Years after Sir Thomas Litchfield has left the Special Air Service, he’s built his own empire as owner of the TLH Group, a national resources company worth $60 billion. But it’s Thomas’ latest deal—with Adwalland, a new African country rich in natural resources—that has caught the attention of Russia, which hopes to re-establish itself as a military power by constructing a Naval base in Adwalland. Thomas’ negotiations benefit both TLH and the Russian president, an old friend. Thomas, however, has no choice but to contend with ex-pirate Wasir Osman Hassan, the interior minister who controls security in Borama, Adwalland’s capital. These associations put Thomas under surveillance from the CIA and both Russia’s and Britain’s foreign intelligence agencies. But a cold war may become heated when Thomas and his security team have to stop Wasir from staging a coup d'état. The author’s gleefully convoluted narrative brims with characters and plot points, following Thomas throughout the years—on an Iraq mission; as an entrepreneur; and saving 19-year-old Nara from her pimp, Oleg, in Turkmenistan. Thomas’ back story is well-developed; he falls in love with Nara, and the two have a daughter, Victoria. He’s also estranged from his father and blames him for his mother’s death. The number of characters can be overwhelming, but there are standouts, including Secret Intelligence Service agent Rebecca Leiris, who has watched Thomas for a long time and has a personal vendetta against Wasir, who killed her fiance. The story’s impact is a bit diminished by extensive grammatical errors, such as missing punctuation, which thorough proofreading could have prevented. Reagan ends his novel on a high note with rising tensions in Borama, which lead to hefty action scenes. And there’s room for sequels with the gaps in Thomas’ timeline, including much of the early 2000s.
Readers may be distracted by grammatical issues, but Reagan turns his 500-plus pages into a searing epic.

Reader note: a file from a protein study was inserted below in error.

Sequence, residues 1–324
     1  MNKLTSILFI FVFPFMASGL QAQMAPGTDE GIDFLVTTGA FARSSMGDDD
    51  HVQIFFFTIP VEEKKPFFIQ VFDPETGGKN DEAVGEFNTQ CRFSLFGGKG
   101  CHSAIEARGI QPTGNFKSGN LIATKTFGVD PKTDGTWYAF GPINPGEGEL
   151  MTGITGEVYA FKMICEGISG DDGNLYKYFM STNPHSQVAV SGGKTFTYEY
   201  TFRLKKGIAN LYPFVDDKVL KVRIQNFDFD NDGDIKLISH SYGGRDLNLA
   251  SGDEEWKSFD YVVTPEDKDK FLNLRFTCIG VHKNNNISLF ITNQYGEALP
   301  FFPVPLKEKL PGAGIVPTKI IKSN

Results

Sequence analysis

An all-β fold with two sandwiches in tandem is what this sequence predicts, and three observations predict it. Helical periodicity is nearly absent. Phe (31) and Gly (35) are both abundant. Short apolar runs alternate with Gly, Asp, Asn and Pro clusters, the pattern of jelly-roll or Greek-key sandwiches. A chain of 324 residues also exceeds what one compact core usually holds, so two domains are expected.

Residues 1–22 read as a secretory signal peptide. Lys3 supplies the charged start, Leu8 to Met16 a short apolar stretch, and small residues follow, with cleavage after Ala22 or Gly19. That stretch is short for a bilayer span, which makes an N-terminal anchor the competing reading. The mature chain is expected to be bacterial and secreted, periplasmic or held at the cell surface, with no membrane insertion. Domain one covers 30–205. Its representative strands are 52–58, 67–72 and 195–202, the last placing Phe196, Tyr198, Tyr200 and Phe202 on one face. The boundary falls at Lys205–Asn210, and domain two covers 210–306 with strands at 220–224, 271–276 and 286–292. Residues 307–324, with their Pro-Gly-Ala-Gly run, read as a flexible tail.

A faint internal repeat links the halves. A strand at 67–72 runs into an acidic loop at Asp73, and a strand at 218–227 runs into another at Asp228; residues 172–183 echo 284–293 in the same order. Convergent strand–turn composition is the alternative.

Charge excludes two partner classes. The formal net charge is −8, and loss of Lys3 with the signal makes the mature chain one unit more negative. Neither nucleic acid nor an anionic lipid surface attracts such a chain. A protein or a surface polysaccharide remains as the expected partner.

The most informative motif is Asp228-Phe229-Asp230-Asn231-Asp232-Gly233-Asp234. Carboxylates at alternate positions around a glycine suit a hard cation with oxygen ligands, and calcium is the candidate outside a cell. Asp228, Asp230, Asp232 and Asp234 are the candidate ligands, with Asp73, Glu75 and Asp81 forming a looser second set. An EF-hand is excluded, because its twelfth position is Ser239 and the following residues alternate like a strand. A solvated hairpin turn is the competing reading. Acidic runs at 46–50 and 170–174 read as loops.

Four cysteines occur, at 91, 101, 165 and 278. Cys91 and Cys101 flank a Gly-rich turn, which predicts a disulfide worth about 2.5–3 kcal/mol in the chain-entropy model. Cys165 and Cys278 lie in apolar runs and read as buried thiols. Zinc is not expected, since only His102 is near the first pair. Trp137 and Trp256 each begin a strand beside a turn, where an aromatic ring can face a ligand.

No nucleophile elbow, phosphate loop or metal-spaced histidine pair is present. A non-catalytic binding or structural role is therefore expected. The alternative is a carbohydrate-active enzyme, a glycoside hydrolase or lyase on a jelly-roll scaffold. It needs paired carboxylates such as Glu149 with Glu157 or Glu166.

Pub Date:
ISBN: 0-7852-7236-4
Page count: 288pp

 Ronald Reagan's adoptive son offers a digressive tract that combines--not always effectively or gracefully--a celebration of his father's presidency, a neoconservative agenda for national renewal, score-settling asides on those he feels have done him wrong, and ad hominem attacks on Bill Clinton that might give the American Spectator pause. Drawing on his father's conceit (borrowed from Pilgrim John Winthrop) of an America that shows the rest of the world just how to create a paradise on earth, the San Diegobased radio talk-show host provides a cluttered blueprint for restoring the putatively lost glories of yesteryear when Reagan päre was cutting taxes, rearming the US military, jump-starting the domestic economy, and otherwise giving the country greater confidence in itself. His four-point program envisions realigning the roles played by mainstays of American society. By way of example, he would cut the federal budget and shrink government while reasserting national sovereignty. In like vein, the author urges that job-creating business be relieved of regulatory and tax burdens. He commends supporting civic and religious institutions that can take up the slack left by welfare reform and castigates government agencies at all levels for their paternalistic intrusions into the American family. At least as interested in tearing down as in building up, Reagan the Younger assails Clinton early and often, characterizing him as a slick (rather than great) communicator and the make-love- not-war president. Nor does the aggrieved author neglect to get even for slights he has suffered at the hands of Republican Party officials, Nancy Reagan (who on occasion has treated him, well, like a stepchild), and others. An odd sociopolitical amalgam, of interest mainly for the personal insights a lightweight son can provide on his world-class father, rather than its anti-Democrat invective or pro forma attempt to revive the Reagan Revolution.